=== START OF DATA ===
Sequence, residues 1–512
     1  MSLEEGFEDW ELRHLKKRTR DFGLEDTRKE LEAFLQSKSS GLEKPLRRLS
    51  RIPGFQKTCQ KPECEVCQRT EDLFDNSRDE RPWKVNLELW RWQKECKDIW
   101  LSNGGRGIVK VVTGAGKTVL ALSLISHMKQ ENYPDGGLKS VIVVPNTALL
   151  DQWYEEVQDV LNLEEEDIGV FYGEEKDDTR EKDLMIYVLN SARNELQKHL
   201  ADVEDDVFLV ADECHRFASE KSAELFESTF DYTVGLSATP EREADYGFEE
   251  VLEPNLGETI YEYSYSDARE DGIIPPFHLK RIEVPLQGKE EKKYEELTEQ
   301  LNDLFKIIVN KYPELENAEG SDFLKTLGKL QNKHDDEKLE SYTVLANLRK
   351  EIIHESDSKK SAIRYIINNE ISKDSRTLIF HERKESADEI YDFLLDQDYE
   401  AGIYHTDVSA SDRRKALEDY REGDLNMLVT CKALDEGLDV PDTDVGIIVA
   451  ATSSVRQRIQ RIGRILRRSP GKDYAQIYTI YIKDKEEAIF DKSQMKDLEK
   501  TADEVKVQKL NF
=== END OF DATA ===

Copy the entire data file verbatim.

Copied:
Sequence, residues 1–512
     1  MSLEEGFEDW ELRHLKKRTR DFGLEDTRKE LEAFLQSKSS GLEKPLRRLS
    51  RIPGFQKTCQ KPECEVCQRT EDLFDNSRDE RPWKVNLELW RWQKECKDIW
   101  LSNGGRGIVK VVTGAGKTVL ALSLISHMKQ ENYPDGGLKS VIVVPNTALL
   151  DQWYEEVQDV LNLEEEDIGV FYGEEKDDTR EKDLMIYVLN SARNELQKHL
   201  ADVEDDVFLV ADECHRFASE KSAELFESTF DYTVGLSATP EREADYGFEE
   251  VLEPNLGETI YEYSYSDARE DGIIPPFHLK RIEVPLQGKE EKKYEELTEQ
   301  LNDLFKIIVN KYPELENAEG SDFLKTLGKL QNKHDDEKLE SYTVLANLRK
   351  EIIHESDSKK SAIRYIINNE ISKDSRTLIF HERKESADEI YDFLLDQDYE
   401  AGIYHTDVSA SDRRKALEDY REGDLNMLVT CKALDEGLDV PDTDVGIIVA
   451  ATSSVRQRIQ RIGRILRRSP GKDYAQIYTI YIKDKEEAIF DKSQMKDLEK
   501  TADEVKVQKL NF